“Rest in peace, Mama.” Even though I am sixty-eight years old, I still always spoke of and addressed her as Mama. It was a habit that I never cared to break. Now she is gone, and it will be a while before I can speak with her again, when I can once again call her Mama. Until that day, my memories will have to sustain me.
Perhaps the earliest memory I have of my Mama involves an ironing board and a rosary. Her beads were on the kitchen table in the house on Adler Street. While she pressed the wrinkles from our shirts and pants, I was fingering her beads. She took the opportunity to teach me how to say the rosary. When I made my First Communion, I was thrilled that I got my own rosary.
My mother and father were both converts to Catholicism. Mama attended a Catholic nursing school which required all the student nurses to attend chapel services. She approached the hospital chaplain and asked him about becoming a Catholic, but also asked him not to tell anyone that she was thinking about it. After she took instructions from him, she was baptized conditionally one Saturday evening with her classmate Audrey acting as her Godmother. The next morning at Sunday Mass she went to communion with the rest of the student nurses – to the absolute horror of the Sisters. After Mass the sisters challenged her. She told them that she had been baptized the night before. They were a little put out that she had not told them, but they forgave her and welcomed her into the Church. When they asked her how she came to the decision to convert, she told them that she had been intrigued by her “favorite saint,” Mary.
In 1954, my father passed away leaving her a widow with four children under the age of six. She moved us all to Fond du Lac where my aunts and uncles lived. There were four Catholic churches in Fond du Lac at the time. My mother was happy to learn that we were to be members of St. Mary’s. It was there that I made my first communion and attended three years of grade school under the guidance of the Sisters of St. Agnes, many of whom knew my mother from her days in nurse’s training.
In 1957 she remarried, and we moved back to Milwaukee. Before the wedding, a package appeared in the mail one day. There was no return address and no indication who had sent her a beautiful crystal rosary as a wedding gift. Though she had her suspicions, she never learned for certain who sent her the beautiful rosary which she cherished for the rest of her life.
When she and my stepfather found a home for us in Milwaukee, she was thrilled to find out that it was called Mother of Perpetual Help. Every Tuesday, the school children ended their day by going to the devotions to the Mother of Perpetual Help. The devotions were repeated in the evening. During the summer months, I remember walking to church on Tuesday evenings to go to the devotions.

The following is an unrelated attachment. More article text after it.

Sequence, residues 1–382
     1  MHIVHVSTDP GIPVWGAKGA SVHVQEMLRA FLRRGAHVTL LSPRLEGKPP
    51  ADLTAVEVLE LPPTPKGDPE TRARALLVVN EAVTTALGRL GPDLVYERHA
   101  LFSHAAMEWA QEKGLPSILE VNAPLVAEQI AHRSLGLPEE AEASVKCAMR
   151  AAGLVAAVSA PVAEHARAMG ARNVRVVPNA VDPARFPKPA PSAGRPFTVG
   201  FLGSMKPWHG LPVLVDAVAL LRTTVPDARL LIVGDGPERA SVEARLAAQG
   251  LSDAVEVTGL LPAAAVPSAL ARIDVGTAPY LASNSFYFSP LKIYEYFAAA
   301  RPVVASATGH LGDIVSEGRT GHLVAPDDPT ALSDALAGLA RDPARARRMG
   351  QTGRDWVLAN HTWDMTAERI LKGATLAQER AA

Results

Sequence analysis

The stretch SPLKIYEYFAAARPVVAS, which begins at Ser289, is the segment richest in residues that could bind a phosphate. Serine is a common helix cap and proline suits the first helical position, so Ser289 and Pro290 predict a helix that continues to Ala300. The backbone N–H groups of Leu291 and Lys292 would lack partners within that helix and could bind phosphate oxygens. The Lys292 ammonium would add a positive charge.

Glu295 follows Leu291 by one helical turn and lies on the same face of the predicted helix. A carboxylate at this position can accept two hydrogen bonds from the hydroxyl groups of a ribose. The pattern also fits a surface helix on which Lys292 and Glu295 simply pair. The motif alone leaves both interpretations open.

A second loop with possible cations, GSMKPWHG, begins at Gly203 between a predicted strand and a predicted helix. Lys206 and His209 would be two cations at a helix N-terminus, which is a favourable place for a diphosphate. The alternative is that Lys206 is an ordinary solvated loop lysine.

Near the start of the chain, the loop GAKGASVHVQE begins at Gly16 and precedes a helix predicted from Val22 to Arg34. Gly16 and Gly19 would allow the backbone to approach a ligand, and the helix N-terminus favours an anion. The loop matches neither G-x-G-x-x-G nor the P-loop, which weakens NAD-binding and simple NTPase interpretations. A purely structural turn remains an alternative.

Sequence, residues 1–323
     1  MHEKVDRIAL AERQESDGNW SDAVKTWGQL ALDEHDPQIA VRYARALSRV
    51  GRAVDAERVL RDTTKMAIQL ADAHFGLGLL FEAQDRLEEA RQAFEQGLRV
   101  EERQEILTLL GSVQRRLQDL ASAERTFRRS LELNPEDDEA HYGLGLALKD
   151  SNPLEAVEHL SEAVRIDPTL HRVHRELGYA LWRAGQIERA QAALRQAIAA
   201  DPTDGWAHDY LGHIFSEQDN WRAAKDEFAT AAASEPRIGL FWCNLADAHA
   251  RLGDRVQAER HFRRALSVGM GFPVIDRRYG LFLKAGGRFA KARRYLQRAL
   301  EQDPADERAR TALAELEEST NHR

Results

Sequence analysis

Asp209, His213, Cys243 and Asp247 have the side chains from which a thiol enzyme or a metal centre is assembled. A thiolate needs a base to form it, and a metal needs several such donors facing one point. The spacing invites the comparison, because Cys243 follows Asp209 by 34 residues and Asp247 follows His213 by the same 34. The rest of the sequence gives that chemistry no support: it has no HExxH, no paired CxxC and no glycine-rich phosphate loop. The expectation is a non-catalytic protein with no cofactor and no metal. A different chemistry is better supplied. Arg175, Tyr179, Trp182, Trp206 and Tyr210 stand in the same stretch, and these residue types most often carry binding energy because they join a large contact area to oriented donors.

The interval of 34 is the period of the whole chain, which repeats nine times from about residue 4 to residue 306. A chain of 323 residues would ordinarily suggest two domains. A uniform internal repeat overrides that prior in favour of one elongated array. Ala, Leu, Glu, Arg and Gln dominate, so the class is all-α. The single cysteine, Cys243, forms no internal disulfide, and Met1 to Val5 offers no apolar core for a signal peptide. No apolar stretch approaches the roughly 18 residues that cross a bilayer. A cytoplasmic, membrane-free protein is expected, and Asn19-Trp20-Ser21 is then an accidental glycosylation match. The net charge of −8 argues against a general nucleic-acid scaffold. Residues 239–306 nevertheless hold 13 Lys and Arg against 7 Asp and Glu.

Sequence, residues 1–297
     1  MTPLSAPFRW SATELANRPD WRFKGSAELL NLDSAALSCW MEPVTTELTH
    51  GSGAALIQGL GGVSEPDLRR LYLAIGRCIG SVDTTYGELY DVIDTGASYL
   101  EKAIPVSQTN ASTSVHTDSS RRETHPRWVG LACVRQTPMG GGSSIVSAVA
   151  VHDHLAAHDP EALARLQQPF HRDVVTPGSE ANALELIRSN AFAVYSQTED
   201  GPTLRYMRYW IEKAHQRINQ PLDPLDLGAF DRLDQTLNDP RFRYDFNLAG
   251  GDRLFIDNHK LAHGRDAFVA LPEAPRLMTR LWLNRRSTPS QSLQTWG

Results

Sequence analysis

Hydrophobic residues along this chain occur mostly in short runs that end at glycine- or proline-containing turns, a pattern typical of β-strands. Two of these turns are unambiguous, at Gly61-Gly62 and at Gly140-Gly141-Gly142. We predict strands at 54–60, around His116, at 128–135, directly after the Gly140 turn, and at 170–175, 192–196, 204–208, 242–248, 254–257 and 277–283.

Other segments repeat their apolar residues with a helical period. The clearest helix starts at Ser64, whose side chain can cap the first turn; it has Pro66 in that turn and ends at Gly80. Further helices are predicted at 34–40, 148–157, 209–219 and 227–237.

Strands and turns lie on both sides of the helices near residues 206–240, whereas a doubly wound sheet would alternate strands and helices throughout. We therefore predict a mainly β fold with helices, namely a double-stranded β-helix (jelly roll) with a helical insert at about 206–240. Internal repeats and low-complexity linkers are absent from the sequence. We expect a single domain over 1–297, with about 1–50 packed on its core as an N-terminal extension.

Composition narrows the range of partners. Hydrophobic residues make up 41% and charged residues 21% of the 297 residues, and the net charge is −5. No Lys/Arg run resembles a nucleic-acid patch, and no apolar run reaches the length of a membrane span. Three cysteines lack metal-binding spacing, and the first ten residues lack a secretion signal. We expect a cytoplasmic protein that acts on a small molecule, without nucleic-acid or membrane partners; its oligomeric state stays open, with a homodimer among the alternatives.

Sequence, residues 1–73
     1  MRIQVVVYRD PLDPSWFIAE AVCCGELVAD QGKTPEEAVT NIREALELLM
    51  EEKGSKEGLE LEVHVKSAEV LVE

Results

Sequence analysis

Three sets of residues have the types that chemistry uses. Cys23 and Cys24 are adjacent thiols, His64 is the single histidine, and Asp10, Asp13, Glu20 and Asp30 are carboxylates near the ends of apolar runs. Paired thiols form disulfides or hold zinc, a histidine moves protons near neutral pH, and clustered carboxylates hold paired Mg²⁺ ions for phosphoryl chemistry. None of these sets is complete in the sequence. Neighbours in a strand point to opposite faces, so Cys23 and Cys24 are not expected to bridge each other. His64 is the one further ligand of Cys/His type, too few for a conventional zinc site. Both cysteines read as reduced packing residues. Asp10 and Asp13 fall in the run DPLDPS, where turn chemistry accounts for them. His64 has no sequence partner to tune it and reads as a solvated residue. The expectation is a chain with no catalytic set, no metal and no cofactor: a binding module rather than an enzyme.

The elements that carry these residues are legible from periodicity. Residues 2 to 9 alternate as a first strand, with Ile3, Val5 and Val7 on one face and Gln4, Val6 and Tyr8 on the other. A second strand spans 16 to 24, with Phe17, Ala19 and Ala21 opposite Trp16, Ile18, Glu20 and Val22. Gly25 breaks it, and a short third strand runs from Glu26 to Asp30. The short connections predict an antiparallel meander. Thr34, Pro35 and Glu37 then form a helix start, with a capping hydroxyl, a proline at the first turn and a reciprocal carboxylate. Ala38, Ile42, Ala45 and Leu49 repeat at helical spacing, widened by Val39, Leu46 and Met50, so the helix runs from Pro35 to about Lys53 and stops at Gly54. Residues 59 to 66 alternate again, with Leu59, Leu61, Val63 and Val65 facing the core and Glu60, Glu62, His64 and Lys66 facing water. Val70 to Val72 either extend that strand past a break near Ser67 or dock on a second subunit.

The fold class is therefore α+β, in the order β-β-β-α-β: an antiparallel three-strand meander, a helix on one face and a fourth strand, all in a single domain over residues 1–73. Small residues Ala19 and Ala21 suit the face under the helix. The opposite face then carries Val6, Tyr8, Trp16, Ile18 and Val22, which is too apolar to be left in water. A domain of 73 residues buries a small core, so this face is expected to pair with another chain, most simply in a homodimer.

After I left for the seminary, it became necessary for my family to move again. This time they ended up in Our Lady of Lourdes Parish. Again, my mother was delighted. I offered my Mass of Thanksgiving in that Church after my ordination. I asked the organist and soloist to sing one of my mother’s favorite hymns as a prelude to the Mass, “On This Day, O Beautiful Mother.” Tissues were necessary.
Though they attended St. Gregory the Great Church after they moved to the senior apartments, my mother never lost her devotion to Mary. Another cherished memory involves my mother sitting in the living room in her chair early in the morning with her prayer book entitled “A Mother’s Love.” The title of the book described who she was and who she wanted to be, a loving Mother. The prayer book became worn and eventually was filled with memorial cards of loved ones who had died. However, it never left the table next to my mother’s chair.
She died on the Solemnity of the Epiphany, January 3, 2016. This day prompts yet another memory. When we were living in Fond du Lac, she purchased the first three pieces of a nativity set. That first year a shoe box became a stable. Mary and Joseph knelt beside the manger where the little Baby Jesus lay. As the years progressed, she purchased more pieces, and Gregor Schmitz, my uncle’s father-in-law, fashioned a proper stable. However, because the pieces were purchased at different times and in different stores, they were not a matched set. In fact the kneeling figures of Joseph and Mary towered over the standing kings and shepherds. The little donkey would never have been able to carry Mary two blocks let alone from Nazareth to Bethlehem. Two of the kings could have been twin brothers. We were also the only house that had two black kings. One year I suggested that I could get her a beautiful nativity set as a Christmas present. She shutdown that suggestion as fast as it was made. There were too many memories attached to our crazy-quilt nativity scene.
So when I got the news that she had died, I thought to myself that those three wise men had probably decided to come and get her and take her with them as they went to see the newborn King in Bethlehem, much the same as they did in one of my favorite Christmas traditions, “Amahl and the Night Visitors.”
She is free of pain now, for that I am grateful. I look forward to the day when we will meet again. One of the last things she said to me was, “This business of living to be ninety-two is ridiculous.” She had outlived her brother and her sisters and most of her cousins and all of her aunts and uncles. She had buried a daughter and several of her nephews, her sisters’ boys. She was tired and wanted to go home to be with her family. So until we meet again, I simply say, “Rest in peace, Mama. I will miss you.”
Fr. Lawrence Jagdfeld, O.F.M., Administrator